The Inheritance of Loss
Kiran Desai’s novel which won her the Booker Prize last year. I had heard about her winning of course, and I was intrigued by it as it’s set in the north-eastern Himalayas, at the foot of Mount Kanchenjunga, which is very close to Darjeeling, where I went to school for seven years. See related, we had a lovely view of Kanchenjunga from the school, I’m very fond of this mountain and that area.
But as I have very little time these days to read, I had forgotten about it. Then I came across this excerpt from the novel on the NPR website that’s made me really want to to read it. I’m going to have to make the time and try it.
The green card the green card. The. . . .
Without it he couldn’t leave. To leave he wanted a green card. This was the absurdity. How he desired the triumphant After The Green Card Return Home, thirsted for it-to be able to buy a ticket with the air of someone who could return if he wished, or not, if he didn’t wish. . . . He watched the legalized foreigners with envy as they shopped at discount baggage stores for the miraculous, expandable third-world suitcase, accordion-pleated, filled with pockets and zippers to unhook further crannies, the whole structure unfolding into a giant space that could fit in enough to set up an entire life in another country.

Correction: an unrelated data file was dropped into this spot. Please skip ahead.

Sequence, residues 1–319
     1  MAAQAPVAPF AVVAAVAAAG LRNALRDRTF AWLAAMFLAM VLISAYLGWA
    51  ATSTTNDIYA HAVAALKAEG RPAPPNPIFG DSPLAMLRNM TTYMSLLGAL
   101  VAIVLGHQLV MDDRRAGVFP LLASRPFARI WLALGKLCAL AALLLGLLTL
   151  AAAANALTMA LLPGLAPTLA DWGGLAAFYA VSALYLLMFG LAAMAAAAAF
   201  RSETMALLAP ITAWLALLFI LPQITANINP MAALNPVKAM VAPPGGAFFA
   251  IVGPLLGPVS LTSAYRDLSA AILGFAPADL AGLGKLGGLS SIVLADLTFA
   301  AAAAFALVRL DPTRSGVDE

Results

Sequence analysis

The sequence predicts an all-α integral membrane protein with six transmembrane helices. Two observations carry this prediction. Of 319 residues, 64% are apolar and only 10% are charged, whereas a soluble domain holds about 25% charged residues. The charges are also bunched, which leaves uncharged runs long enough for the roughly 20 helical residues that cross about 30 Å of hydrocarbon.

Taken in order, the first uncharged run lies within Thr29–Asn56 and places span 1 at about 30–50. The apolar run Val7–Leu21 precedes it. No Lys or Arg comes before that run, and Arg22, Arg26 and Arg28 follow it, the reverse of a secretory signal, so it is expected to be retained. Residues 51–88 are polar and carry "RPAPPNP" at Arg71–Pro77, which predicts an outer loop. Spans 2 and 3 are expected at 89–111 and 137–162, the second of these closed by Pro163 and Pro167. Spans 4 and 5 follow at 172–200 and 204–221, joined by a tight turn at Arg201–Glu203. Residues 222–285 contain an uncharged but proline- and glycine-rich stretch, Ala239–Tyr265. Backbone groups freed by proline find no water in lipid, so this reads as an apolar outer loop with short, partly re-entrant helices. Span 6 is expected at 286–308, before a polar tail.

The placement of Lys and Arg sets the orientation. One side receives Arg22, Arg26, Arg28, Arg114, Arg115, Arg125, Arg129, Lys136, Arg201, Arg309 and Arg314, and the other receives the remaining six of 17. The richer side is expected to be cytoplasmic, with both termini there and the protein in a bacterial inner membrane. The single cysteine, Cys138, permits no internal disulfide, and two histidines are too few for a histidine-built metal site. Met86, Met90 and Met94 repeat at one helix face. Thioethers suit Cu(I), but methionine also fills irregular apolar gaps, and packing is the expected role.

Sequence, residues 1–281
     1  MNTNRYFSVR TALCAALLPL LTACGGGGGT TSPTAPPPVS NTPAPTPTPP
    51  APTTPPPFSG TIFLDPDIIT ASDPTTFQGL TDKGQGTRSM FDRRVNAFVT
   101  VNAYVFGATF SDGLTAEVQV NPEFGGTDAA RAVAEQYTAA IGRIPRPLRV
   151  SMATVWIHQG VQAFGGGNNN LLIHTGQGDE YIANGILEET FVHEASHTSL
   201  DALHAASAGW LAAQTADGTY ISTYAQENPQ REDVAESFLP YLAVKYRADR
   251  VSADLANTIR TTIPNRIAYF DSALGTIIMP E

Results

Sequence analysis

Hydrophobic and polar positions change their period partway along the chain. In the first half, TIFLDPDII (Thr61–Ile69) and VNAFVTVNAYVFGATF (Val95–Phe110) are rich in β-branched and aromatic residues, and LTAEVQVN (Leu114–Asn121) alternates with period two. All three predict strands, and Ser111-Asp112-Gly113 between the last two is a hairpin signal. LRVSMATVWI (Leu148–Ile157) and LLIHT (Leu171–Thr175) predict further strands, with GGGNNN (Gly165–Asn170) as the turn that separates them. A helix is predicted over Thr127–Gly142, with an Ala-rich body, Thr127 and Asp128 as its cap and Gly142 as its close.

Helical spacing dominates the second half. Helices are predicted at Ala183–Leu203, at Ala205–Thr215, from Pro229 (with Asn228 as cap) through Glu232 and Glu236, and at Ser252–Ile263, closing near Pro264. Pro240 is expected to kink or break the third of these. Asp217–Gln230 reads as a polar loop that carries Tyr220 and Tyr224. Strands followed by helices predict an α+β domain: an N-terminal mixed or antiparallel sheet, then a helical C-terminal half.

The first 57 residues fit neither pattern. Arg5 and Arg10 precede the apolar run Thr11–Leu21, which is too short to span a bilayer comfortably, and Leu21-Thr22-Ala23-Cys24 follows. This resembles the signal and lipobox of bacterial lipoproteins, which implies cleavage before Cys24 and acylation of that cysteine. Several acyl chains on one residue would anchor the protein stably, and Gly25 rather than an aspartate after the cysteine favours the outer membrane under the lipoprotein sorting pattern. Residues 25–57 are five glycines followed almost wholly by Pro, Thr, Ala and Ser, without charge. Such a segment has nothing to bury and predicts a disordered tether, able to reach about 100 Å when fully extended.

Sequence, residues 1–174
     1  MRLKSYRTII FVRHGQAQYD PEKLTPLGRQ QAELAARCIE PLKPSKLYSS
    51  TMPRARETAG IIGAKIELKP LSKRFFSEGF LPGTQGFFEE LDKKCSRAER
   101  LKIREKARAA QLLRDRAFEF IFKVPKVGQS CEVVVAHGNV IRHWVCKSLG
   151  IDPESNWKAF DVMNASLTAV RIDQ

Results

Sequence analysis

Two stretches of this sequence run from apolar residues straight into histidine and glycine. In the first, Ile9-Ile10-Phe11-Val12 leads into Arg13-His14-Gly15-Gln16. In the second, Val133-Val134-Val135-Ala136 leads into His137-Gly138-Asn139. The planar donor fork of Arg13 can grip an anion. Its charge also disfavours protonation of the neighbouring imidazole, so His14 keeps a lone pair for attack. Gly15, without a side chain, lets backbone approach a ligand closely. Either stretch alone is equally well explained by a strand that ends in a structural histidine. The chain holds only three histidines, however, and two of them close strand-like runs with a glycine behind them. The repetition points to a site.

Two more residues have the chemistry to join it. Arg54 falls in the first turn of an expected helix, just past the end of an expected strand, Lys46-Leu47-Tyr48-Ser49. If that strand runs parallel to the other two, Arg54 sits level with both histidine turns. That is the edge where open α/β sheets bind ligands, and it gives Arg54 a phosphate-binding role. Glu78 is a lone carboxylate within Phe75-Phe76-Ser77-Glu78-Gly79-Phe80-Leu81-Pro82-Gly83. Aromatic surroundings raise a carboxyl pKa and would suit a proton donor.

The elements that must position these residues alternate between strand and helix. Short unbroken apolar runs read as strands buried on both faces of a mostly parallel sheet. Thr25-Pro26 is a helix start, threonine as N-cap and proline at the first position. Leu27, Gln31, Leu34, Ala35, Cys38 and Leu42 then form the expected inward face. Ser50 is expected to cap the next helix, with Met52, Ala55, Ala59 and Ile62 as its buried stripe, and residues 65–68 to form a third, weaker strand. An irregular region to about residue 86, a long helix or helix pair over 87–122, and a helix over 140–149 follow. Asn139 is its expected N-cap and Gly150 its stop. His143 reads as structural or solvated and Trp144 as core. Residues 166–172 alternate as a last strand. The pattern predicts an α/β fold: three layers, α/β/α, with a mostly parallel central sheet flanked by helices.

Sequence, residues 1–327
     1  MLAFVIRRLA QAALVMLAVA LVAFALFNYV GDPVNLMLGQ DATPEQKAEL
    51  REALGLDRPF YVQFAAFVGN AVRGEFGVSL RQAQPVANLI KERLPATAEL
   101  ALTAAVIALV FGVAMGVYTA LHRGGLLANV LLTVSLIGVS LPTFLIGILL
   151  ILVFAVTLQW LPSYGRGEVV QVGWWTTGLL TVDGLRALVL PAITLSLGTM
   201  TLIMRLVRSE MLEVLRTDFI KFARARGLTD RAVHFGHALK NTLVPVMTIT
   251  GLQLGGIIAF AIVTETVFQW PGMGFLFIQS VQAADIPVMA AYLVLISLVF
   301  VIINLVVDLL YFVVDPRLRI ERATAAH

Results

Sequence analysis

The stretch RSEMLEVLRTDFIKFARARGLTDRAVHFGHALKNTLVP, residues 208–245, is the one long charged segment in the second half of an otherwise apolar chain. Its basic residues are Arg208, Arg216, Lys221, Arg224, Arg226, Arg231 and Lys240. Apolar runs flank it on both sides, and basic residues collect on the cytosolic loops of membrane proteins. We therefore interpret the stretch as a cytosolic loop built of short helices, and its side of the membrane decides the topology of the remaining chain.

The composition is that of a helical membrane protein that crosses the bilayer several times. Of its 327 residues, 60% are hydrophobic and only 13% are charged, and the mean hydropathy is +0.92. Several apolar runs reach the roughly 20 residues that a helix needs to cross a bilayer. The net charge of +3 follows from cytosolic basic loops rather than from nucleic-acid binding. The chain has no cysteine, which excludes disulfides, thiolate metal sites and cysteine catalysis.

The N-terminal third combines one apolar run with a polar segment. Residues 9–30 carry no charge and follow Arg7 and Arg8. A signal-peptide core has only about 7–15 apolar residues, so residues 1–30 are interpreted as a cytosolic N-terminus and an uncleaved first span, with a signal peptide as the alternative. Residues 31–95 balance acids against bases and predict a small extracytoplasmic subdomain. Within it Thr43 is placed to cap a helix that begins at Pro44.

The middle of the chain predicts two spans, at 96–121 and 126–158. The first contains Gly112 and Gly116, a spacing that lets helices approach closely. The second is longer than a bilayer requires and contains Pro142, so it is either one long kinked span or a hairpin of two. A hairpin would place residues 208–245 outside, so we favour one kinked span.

Then, of course, there were those who lived and died illegal in America and never saw their families, not for ten years, twenty, thirty, never again.
How did one do it? At the Queen of Tarts, they watched the TV shows on Sunday mornings on the Indian channel that showcased an immigration lawyer fielding questions.
A taxi driver appeared on the screen: watching bootleg copies of American movies he had been inspired to come to America, but how to move into the mainstream? He was illegal, his taxi was illegal, the yellow paint was illegal, his whole family was here, and all the men in his village were here, perfectly infiltrated and working within the cab system of the city. But how to get their papers? Would any viewer out there wish to marry him? Even a disabled or mentally retarded green card holder would be fine-
There is a podcast with her discussing the book on the NPR website as well, here’s a direct link to the mp3 file.
Here’s a link to the book on Amazon, if you’d like to read more reviews.